6 Ways To Keep Dogs & Cats Safe In Sub-Zero Conditions

When temperatures dip, people should really be keeping their pets indoors. But this isn’t always possible for dogs, who still require regular walks or at least brief potty breaks outside, or cats that live their lives outside. Fortunately, there several ways to protect your pets when temperatures dip below zero. Read on for 6 winter safety tips for dog and cat owners!

5. Dress Warm

Just like you wouldn’t venture into a blizzard without a big coat and boots on, don’t expect anything less for your pet. Moreover, towel dry your pet when she/he comes back indoors, while paying special attention to toes and paws, which could be irritated by snowballs or salts thrown onto slippery pavement. A hair dryer works, too. Check out the Animal Rescue Site store for a wide selection of winter coats, boots, and drying mats to keep your dog safe, dry, and warm in cold and snowy conditions.

5. Hunker Down

If your cat is used to roaming free outside, this is the perfect excuse to bring him indoors. Be prepared for some whining, but a few extra treats should help convince Fluffy this is for his own good. (Here are some other ways to help outdoor cats adjust to a safer life inside.)

4. Limit Driving Time

Everyone knows dogs shouldn’t languish in hot cars, but cold, freezing cars pose just as much risk. “You’re already familiar with how a car can rapidly cool down in cold weather,” the American Veterinary Medical Association (AVMA) wrote on its website. “It becomes like a refrigerator, and can rapidly chill your pet.” Old, young, sick, and thin pets are particularly susceptible to these elements.

3. Be Flashy

Coats and collars aren’t just a fashion statement. Cats and dogs are also more likely to get lost in white-out conditions, so dressing your pets in bright winter gear — in addition to keeping him warm — also makes him easier to spot in the snow. Check out our vast selection of winter coats, boots, and collars at the Animal Rescue Site store!

2. Beware of Winter Toxins

Antifreeze might be a magical elixir for motorists trying to plow through bad weather, but even a few wayward drops can be fatal for Fido or Fluffy. This common garage salve is a regular wintertime foil, because most anti-freeze agents contain ethylene glycol, which is toxic for pets. Per the ASPCA, it’s incumbent on pet owners to immediately clean up any spills inside their car, and to buy products containing the less toxic propylene glycol. The chemical de-cing agents used on city sidewalks and streets are also toxic –and another excellent reason to train your dog to wear boots on winter walks.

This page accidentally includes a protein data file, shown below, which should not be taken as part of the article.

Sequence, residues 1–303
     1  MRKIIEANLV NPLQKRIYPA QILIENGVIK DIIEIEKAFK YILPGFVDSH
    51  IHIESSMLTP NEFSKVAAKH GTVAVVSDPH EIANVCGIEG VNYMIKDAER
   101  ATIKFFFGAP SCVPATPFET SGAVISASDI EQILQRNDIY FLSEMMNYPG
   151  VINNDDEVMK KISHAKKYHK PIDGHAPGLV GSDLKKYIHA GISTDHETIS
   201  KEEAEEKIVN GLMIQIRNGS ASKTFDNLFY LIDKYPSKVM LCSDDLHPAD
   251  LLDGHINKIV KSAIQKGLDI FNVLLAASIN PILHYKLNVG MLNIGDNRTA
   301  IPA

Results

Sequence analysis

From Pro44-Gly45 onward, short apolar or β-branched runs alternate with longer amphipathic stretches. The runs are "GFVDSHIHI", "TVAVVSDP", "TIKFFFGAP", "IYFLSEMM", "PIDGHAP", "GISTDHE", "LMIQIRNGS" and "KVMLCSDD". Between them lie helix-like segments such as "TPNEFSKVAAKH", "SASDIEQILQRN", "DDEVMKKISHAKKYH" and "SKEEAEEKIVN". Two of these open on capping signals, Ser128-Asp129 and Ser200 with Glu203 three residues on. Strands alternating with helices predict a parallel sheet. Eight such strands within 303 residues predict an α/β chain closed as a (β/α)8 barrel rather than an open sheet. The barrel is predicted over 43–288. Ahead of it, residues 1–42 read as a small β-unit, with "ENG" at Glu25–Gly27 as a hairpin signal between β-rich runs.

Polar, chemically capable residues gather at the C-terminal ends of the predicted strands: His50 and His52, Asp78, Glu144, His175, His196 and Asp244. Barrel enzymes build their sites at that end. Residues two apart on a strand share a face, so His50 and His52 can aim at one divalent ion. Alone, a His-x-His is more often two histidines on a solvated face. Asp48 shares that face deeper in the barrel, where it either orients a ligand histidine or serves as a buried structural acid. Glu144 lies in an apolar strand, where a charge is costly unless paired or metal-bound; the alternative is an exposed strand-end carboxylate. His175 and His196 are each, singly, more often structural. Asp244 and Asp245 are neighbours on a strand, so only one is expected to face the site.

1. Eat Up

If there’s one upside to bracing for a blizzard with your dog or cat, it’s that you both have the perfect excuse to pig out. Eating well during winter months helps us generate extra energy and body heat, and we’re pretty sure your dog won’t say ‘no’ to second helpings! In addition to regular meal times, make sure your pets are drinking plenty of water. This will help keep them hydrated in the brittle winter air.

Additional Resources:

  • How Cold Is Too Cold For Dogs?
  • Pro Tips For Training Your Dog To Wear Winter Boots
  • Remember To Knock On The Hood Of Your Car During The Winter To Check For Sleeping Cats
  • Protect Your Pets With These Winter Safety Tips
  • 7 Simple Steps That Will Help You Save Stray Animals’ Lives This Winter
  • Help Strays Survive Winter With This Easy DIY Cat Shelter
  • Winter Games to Play with Your Dog to Beat the Seasonal Blues
  • Winter is Coyote Mating Season – How to Protect Your Pets
  • Shiba Inu of the Well-Known “Doge” Meme Diagnosed with Two Scary Illnesses: Click “Next” below!

    J. Swanson is a writer, traveler, and animal-enthusiast based in Seattle, an appropriately pet-crazed city where dog or cat ownership even outweighs the number of kids. When the weather permits, she likes to get outside and explore the rest of the Pacific Northwest, always with a coffee in hand.
    Whizzco for FAP